The capital and largest city is Lisbon, which has a current population of just over three million, making it one of the most populated urban areas in the European Union, according to Macrotrends and the U.N. The city is actually older than Rome and among the oldest in all of Europe.

    The official and predominate language spoken throughout the country is Portuguese, with more than 95-percent of the population speaking the language. English (approximately 15-percent), French (approximately 10-percent) and Spanish (approximately seven-percent) are also spoken.

    In terms of the climate, it is Mediterranean, so it’s warm but moderate in the summers and the winters are mild for the most part. Temperatures do vary some per region, but not by a lot. There is a rainy season during the winter.

    Photo of PortgualAs a member of the European Union, the currency used throughout the country is the Euro. It is also part of the Schengen Area in Europe.

    According to the Embassy of Portugal to the United States of America, this is important because as one of 29 member nations, those residing in or visiting in Portugal don’t need to use passports to travel to other members within the Schengen Area. That said, there are some restrictions in terms of the amount of time you can do so when visiting.

    Among its most notable historical contributions is the fact it is considered the world’s first maritime power. It was so during the 15th and 16th centuries and was home to some of the most recognized early explorers. One of the most notable is Ferdinand Magellan, who was the first person to circumnavigate the globe.

    Today the country is known, among other things, for its most famous export and national drink – Port wine. It also makes more than half of all the corks worldwide.

    In terms of safety, Portugal is ranked “third safest” in the world and the “fourth most peaceful” globally, according to World Population Review, an organization that publishes global population and demographics data. Portugal is also recognized as the “most friendly” among European countries.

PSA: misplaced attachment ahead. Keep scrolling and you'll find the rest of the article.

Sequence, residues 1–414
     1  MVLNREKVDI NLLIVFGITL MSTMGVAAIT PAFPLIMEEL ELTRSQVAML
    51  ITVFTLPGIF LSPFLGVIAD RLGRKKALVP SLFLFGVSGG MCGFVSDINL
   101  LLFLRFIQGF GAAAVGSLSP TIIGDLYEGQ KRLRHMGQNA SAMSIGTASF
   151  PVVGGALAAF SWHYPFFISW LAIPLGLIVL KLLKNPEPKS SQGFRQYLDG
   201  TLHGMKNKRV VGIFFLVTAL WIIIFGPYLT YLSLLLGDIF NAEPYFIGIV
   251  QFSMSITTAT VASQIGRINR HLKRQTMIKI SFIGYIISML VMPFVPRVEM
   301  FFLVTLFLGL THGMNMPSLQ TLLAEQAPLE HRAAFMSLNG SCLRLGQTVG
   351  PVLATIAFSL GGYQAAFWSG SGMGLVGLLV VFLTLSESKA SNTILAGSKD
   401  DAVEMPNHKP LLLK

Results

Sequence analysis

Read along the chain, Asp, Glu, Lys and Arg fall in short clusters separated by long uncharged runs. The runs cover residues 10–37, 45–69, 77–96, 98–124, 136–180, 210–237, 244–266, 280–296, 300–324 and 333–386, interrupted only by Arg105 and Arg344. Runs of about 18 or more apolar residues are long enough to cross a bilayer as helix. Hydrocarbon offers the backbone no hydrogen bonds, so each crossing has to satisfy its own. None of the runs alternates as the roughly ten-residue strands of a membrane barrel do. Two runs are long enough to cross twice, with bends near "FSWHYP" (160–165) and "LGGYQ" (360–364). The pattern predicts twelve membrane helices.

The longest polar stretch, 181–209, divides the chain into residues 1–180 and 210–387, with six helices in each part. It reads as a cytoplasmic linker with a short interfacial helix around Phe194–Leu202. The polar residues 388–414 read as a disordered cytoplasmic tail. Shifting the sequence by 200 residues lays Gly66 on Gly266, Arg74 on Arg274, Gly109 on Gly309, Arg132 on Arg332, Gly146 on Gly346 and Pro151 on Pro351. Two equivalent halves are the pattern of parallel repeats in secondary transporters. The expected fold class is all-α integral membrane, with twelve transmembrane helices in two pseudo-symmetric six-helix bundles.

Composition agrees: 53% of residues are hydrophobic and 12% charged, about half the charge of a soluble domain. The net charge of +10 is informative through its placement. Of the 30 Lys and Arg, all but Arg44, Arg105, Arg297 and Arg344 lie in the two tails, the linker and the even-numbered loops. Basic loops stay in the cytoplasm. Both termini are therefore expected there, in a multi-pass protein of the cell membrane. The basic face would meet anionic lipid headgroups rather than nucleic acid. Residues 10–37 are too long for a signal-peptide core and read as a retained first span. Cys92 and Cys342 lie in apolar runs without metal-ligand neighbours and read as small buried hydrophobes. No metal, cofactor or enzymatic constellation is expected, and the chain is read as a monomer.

Additionally, the country is known for its warm and welcoming people, relatively inexpensive cost of living, thriving cultural arts scene, and relaxed pace of life, according to Global Citizen Solutions.

    Kick the tires

    As mentioned previously, no matter how familiar you might be with Portugal from your past, and especially if either of you has never been there, you definitely want to visit for an extended period, preferably up to three months. Maybe even a couple times before making the huge decision of relocating.

    The good news is this is easy enough to do as a U.S. citizens. You can actually do so without obtaining a travel visa. All you’ll need is your passport and a return ticket exiting the country within 90 days of entry, according to the Portuguese Embassy.

    In fact, if you only plan to live there on a part time basis in retirement, you can do so simply using your U.S. passport. Portugal allows you to stay in the country for up to 90 days in a six-month period as a tourist, according to International Living magazine.

    If you plan to live there for more than 90-days at a time or even permanently, then you are looking at a long-stay resident visa. More on that in a bit.

    When you do make this extended trip, you want to tour the country to the extent possible to gain familiarity and to determine where you might feel comfortable living.

    What would probably be more ideal would be a couple trips at different times of the year so you gain a better sense of what it would be like to live there on a year-round basis.